Urine test 'could predict cognitive decline in diabetics'


Urine test 'could predict cognitive decline in diabetics'

A simple urine test may be able to predict whether people with type 2 diabetes are at risk of cognitive decline, according to a study published in the Clinical Journal of the American Society of Nephrology.

Researchers from Kaiser Permanente of Georgia, Emory School of Medicine and the National Institute on Aging have discovered that a protein detectable in the urine of patients with albuminuria - a common kidney complication linked to type 2 diabetes - could be an early warning sign of cognitive decline in older diabetics.

Cognitive decline is closely associated with diabetes, say the researchers, noting that memory loss and reduced brain functioning usually occur during periods of high blood glucose (hyperglycemia) and low blood glucose (hypoglycemia).

A blood brain barrier is responsible for regulating the transport of nutrients into the brain, including glucose. The nutrients then become chemically charged particles and help brain metabolism. If the blood brain barrier receives too much or too little glucose, this can cause memory loss.

Persistent albuminuria and greater cognitive decline

For the study, the researchers recruited 2,977 diabetic patients between 2003 and 2005, with an average age of 62 years. The patients were followed-up until 2009.

They were required to undergo three neuropsychological tests. The first at the beginning of the study, the second at 20 months and the third at 40 months. The tests monitored the patients' information processing speed, verbal memory and executive function.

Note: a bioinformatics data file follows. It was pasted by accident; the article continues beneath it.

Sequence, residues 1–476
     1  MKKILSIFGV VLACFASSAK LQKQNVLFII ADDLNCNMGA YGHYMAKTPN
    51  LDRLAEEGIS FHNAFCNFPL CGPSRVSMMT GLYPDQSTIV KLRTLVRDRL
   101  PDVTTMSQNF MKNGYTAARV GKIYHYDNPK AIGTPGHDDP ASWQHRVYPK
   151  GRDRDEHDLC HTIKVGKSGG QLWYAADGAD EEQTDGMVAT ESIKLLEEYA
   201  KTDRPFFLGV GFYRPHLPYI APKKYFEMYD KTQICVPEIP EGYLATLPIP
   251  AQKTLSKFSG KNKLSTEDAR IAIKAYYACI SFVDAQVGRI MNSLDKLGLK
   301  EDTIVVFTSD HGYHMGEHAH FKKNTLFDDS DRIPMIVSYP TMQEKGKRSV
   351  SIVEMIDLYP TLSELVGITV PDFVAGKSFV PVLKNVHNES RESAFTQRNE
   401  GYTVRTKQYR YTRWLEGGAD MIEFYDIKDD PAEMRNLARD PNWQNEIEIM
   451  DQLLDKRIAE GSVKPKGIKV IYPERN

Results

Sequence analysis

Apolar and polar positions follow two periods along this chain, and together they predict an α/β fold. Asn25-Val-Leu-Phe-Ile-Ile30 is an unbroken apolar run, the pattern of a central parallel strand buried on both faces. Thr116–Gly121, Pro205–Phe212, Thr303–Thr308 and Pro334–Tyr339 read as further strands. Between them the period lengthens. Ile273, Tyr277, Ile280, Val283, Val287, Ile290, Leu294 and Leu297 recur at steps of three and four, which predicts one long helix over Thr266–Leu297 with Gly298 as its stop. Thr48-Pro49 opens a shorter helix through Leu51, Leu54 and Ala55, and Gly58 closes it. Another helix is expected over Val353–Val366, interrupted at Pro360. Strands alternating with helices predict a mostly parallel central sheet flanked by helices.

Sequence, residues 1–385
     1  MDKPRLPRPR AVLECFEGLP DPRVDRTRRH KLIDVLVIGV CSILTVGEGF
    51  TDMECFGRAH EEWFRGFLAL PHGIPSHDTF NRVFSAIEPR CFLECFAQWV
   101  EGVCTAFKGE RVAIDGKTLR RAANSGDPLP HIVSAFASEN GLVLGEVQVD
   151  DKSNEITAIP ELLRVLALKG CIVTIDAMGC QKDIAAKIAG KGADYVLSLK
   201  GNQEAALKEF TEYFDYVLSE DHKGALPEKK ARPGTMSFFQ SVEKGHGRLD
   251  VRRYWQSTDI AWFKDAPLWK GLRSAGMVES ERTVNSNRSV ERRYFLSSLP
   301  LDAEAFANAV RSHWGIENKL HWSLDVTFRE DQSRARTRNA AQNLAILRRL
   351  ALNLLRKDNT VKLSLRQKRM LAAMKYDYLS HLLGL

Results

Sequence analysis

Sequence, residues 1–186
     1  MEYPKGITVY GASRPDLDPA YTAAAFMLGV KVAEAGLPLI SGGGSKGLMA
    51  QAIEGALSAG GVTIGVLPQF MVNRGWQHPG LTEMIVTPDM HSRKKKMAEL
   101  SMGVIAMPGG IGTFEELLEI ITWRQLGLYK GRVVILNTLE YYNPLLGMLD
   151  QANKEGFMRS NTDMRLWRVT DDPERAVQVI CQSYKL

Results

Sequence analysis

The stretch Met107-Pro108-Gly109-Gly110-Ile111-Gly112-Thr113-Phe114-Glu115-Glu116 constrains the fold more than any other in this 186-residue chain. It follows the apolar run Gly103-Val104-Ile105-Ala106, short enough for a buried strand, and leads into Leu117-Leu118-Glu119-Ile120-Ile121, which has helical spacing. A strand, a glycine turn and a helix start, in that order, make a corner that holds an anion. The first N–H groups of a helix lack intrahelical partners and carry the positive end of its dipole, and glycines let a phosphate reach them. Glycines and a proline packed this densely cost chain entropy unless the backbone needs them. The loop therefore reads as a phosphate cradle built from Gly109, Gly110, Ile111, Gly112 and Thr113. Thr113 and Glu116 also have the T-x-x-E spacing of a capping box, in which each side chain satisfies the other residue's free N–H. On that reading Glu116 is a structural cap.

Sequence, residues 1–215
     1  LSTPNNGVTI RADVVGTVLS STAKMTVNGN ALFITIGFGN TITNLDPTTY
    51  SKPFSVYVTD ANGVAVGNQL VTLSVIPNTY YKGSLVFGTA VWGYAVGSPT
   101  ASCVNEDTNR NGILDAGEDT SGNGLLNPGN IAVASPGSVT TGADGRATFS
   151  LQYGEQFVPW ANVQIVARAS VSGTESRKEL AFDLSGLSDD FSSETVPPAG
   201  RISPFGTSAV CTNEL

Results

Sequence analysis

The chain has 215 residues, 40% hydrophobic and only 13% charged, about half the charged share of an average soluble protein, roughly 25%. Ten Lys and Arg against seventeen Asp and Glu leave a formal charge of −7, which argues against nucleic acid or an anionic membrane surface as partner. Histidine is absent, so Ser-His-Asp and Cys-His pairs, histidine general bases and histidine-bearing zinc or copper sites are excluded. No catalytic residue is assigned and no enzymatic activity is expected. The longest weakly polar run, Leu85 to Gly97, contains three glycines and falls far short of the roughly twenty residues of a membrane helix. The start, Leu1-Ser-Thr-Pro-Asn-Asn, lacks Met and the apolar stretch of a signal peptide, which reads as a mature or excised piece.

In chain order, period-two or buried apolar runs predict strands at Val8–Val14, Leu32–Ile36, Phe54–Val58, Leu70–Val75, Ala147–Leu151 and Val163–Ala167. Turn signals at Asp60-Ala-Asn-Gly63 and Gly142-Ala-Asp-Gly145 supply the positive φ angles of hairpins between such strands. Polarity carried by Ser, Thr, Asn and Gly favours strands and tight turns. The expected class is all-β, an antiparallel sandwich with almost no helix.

Results of the study showed that diabetics with persistent albuminuria over a 4- to 5-year period showed a higher percentage of decline on processing speeds compared with patients who did not have albuminuria.

Patients who had persistent and progressive albuminuria showed more than a 5% decline in scores of information processing speeds, but not with verbal memory or performance of executive function.

Dr. Joshua Barzilay of Kaiser Permanente of Georgia and Emory School of Medicine, explains:

"Our finding was a subtle change in cognition. However, were this decline to continue over 10 to 15 years it could translate into noticeable cognitive decline by the age of 75 to 80 years, when cognitive impairment generally becomes clinically evident."

Given how common albuminuria and diabetes are in the older population, these findings have a great deal of importance from a population point of view. Moreover, albuminuria is also common among older people with hypertension without diabetes."

However, the study authors note that this research does not rule out the possibility that other processes may have caused cognitive decline in the patients.

Medical-Diag.com recently reported that researchers have created a scoring system that will allow clinicians to predict whether people with type 2 diabetes are at risk of dementia.

Reversing Cognitive Decline (Video Medical And Professional 2018).

Section Issues On Medicine: Disease